Two Indian legal luminaries to clash in Singapore court

Two Indian legal luminaries are set to clash in a Singapore court for the first time in an arbitration award challenge by former Ranbaxy promoters Malvinder and Shivinder Singh against Japan's Daiichi Sankyo.

Former solicitor general of India Gopal Subramanium.
Former solicitor general of India Gopal Subramanium. Photo courtesy: livelaw

Former solicitor general of India Gopal Subramanium will represent Daiichi, while leading Indian lawyer Harish Salve will argue for the Ranbaxy promoters. Daiichi had requested the Singapore High Court to permit Subramanium to appear in the appeal proceedings after the Singapore Court of Appeals allowed Salve to argue for the Singhs.

The development has come as Singapore High Court allowed Subramanium to represent Daiichi in its court during the proceedings, said a spokesperson of P&A Law Offices, which has been representing Daiichi in its litigation in India.

Giving his reaction to Economic Times, Subramanium said, “I am looking forward to arguing in Singapore as it is a very respected jurisdiction, which has ruled on very important matters in transaction law.”

India's leading lawyer Harish Salve.
India's leading lawyer Harish Salve. Photo courtesy: sociofreak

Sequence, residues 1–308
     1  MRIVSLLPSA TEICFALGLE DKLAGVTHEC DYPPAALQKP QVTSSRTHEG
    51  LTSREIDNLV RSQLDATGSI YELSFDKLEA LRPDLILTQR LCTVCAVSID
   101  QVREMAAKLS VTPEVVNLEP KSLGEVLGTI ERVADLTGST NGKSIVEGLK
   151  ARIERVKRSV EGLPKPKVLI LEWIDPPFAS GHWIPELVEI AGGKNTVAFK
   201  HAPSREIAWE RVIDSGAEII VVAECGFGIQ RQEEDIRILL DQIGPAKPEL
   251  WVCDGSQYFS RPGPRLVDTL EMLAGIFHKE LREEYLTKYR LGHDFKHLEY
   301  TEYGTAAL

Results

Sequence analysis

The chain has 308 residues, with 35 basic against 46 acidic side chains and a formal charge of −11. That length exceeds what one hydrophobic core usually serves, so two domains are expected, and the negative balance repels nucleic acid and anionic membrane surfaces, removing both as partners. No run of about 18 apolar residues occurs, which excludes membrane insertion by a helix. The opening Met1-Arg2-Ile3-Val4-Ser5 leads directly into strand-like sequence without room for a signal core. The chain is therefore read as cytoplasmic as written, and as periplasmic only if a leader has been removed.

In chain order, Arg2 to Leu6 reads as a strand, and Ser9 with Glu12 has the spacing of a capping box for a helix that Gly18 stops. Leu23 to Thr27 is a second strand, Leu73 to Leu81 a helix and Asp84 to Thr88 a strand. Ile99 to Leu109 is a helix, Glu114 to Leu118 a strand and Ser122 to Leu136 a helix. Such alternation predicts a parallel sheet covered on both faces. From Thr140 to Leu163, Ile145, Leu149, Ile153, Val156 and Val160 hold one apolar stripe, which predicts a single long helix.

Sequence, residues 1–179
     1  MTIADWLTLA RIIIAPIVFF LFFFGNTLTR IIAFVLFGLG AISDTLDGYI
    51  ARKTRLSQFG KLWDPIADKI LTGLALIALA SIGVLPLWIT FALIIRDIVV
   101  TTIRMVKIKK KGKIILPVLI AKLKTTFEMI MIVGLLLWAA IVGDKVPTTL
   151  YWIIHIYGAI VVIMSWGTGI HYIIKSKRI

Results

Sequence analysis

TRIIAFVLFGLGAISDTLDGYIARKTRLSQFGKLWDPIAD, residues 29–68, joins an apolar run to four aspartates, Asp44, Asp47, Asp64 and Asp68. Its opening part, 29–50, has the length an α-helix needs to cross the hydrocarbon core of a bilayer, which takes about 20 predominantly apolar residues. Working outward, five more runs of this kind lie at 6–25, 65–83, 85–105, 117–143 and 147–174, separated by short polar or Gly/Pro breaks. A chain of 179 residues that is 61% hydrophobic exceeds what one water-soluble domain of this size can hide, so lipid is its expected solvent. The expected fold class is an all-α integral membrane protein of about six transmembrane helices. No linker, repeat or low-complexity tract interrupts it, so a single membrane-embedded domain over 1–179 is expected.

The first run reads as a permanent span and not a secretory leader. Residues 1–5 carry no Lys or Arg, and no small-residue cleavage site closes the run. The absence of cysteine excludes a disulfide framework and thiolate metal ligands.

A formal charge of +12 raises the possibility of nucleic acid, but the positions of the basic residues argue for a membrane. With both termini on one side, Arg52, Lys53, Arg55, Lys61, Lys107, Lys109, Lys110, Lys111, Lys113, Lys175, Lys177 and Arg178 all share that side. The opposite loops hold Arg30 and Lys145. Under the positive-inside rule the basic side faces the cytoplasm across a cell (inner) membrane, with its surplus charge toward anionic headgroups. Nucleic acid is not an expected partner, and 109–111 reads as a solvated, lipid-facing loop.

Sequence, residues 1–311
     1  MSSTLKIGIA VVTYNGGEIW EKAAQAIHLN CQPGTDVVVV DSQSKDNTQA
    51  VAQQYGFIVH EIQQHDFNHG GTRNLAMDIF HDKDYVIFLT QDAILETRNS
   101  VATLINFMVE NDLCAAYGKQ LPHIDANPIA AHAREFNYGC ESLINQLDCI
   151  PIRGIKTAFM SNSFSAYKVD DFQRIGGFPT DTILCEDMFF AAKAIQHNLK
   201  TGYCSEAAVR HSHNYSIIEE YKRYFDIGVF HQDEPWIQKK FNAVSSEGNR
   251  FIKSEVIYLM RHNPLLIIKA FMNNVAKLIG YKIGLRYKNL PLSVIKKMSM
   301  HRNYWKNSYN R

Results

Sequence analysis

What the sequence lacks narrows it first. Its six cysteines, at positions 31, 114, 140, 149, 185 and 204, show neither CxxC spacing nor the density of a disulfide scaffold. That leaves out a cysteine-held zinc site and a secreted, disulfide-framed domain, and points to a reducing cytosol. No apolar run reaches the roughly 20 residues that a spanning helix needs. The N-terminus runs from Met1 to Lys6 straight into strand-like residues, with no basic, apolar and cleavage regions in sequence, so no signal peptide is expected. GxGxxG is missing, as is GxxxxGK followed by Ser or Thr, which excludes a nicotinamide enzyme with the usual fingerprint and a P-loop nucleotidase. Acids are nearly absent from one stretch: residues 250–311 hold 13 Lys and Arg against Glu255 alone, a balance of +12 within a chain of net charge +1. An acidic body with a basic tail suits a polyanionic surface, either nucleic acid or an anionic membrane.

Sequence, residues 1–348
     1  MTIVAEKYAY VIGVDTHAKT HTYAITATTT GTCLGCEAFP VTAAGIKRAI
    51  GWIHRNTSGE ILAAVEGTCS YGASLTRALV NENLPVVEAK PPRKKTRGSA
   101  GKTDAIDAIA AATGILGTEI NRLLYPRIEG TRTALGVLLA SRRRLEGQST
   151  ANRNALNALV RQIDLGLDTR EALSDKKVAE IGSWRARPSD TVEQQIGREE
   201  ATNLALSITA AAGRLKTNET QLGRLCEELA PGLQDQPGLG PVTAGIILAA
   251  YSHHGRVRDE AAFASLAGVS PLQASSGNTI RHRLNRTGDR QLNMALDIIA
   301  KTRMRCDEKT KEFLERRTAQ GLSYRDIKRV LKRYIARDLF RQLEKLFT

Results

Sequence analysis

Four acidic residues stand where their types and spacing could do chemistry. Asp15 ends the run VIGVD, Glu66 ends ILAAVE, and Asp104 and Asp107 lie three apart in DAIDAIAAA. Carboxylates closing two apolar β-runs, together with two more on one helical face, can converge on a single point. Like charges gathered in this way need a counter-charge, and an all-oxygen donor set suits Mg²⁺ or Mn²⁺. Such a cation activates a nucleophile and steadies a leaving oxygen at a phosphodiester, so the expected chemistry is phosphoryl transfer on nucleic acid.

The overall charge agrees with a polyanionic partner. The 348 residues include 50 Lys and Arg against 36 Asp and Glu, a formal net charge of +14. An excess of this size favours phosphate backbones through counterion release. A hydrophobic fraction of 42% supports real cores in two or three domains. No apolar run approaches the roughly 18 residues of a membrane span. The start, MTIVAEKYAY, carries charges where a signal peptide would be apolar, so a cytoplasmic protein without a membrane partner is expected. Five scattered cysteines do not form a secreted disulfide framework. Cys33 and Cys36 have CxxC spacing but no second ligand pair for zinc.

Harish Salve was also allowed to argue the case on behalf of the Singhs nearly a month ago. In the case, Singhs are challenging an arbitration tribunal award of April 2016, which ordered them to pay Daiichi more than INR25 billion (USD386 million) in damages for allegedly concealing information regarding wrongdoing at Ranbaxy while selling the drug maker to the Japanese firm for USD4.6 billion in 2008. Now, the award is valued at INR35 billion (USD540 million) including interest and legal fees.

However, Singapore court has not fixed the date for the appeal proceedings. A lawyer close to the development said it is expected to take place in 2018.

Author
Ashraf Jamal
Ashraf Jamal – Senior Writer

Ashraf Jamal brings a rare depth to writing equipped with a degree in journalism, a postgraduate degree in political science, and a degree in law from the Allahabad University. His experience includes editing and publishing the Northern India Patrika and writing for Times of India for almost a decade covering just about any topic under the sun including NRIs and Indian diaspora.

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